Thursday, 15 March 2012 06:29

Governor Steve Beshear joined the Kentucky Commission on Women Tuesday to honor Willa Beatrice Brown, one of three distinguished Kentucky women honored this year for their illustrious careers and significant contributions to the Commonwealth.

Willa Beatrice Brown was born in 1906 in Glasgow. In an era harsh for both women and African- Americans, Willa Beatrice Brown sought great challenge. Influenced by aviatrix Bessie Coleman, Brown began flight lessons in 1934 at Chicago’s Aeronautical University. In 1937, she received both a master’s degree from Northwestern University and her pilot’s license – making her the first African-American woman to be licensed to fly in the United States.  In 1939, she received her commercial pilot’s license, making her the first African-American woman to make a career of aviation and the person most responsible for preparing blacks for World War II.  Brown became the first African-American officer in the Civil Air Patrol in 1941, and the U.S. government named her federal coordinator of the Chicago Unit.  She was the first woman in the U.S. to have both a mechanic’s license and a commercial pilot’s license. In 1942, she became a training coordinator for the Civil Aeronautics Administration and a teacher in the Civilian Pilot Training Program.  She married the Reverend J.H. Chappell in 1955, where they lived in Chicago. Brown died in 1992 at the age of 86. Brown trained more than 2,000 black pilots, nearly 200 of whom became the squadron at Tuskegee Institute, better known as the legendary “Tuskegee Airmen.” In 2002, she was named one of the Women in Aviation’s 100 Most Influential Women in Aviation and Aerospace. In 2003, Brown was inducted into the Hall of Fame in Kentucky’s Aviation Museum.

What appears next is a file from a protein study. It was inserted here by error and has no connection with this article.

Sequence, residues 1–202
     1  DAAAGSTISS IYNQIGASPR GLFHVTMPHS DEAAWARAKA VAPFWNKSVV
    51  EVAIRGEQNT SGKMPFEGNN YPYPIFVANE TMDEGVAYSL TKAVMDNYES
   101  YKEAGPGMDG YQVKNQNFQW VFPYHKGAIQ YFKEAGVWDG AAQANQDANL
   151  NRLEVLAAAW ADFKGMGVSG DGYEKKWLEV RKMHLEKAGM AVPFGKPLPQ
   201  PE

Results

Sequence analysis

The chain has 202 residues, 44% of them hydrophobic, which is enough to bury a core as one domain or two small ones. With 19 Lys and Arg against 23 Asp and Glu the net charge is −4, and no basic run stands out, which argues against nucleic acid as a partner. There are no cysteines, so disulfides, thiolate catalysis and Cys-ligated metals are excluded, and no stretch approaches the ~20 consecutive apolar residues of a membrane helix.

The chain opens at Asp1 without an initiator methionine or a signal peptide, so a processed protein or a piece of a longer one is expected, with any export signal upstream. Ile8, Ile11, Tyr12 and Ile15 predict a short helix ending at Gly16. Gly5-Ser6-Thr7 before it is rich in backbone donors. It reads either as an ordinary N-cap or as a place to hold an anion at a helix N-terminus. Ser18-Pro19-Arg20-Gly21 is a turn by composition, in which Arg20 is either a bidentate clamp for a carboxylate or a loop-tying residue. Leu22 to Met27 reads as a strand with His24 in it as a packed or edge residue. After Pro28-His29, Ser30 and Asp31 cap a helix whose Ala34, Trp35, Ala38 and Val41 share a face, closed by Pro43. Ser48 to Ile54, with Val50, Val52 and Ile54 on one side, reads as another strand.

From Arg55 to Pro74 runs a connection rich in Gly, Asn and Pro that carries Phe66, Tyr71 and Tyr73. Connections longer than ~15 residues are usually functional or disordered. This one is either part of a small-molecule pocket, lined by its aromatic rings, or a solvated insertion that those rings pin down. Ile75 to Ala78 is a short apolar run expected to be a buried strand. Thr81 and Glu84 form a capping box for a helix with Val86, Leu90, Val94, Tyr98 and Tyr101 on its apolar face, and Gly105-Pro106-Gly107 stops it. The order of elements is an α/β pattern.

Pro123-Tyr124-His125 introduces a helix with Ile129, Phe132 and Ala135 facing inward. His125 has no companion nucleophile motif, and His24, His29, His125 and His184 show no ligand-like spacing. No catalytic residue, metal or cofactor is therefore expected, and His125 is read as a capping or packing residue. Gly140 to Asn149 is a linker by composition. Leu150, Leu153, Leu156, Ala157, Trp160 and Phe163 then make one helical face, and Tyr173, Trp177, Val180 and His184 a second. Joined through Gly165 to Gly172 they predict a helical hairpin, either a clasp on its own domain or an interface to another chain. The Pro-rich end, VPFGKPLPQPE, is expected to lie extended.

Glasgow’s South Central Kentucky Cultural Center has an exhibit showcasing Willa Beatrice Brown… Gayle Berry of the Cultural Center tells us…

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Josie Grainger lives here in Glasgow. Her father was a cousin of Willa Beatrice Brown. She told WCLU…

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In addition to Willa Beatrice Brown, two other distinguished Kentucky women were inducted into the “Kentucky Women Remembered” exhibit: Joan Riehm, from Jefferson County, who served for 15 years as the first female deputy mayor of Louisville. She passed away in 2008. Crit Luallen, from Franklin County, worked for six Kentucky governors and recently completed her second term as Kentucky State Auditor.

The Kentucky Women Remembered Committee selects up to three Kentucky women each year to become a part of the exhibit in the state Capitol. With the three current inductees, the exhibit boasts 65 portraits of outstanding women in Kentucky. Thousands of visitors to the Capitol view the portraits each year and learn about the heritage and contributions of women in Kentucky.




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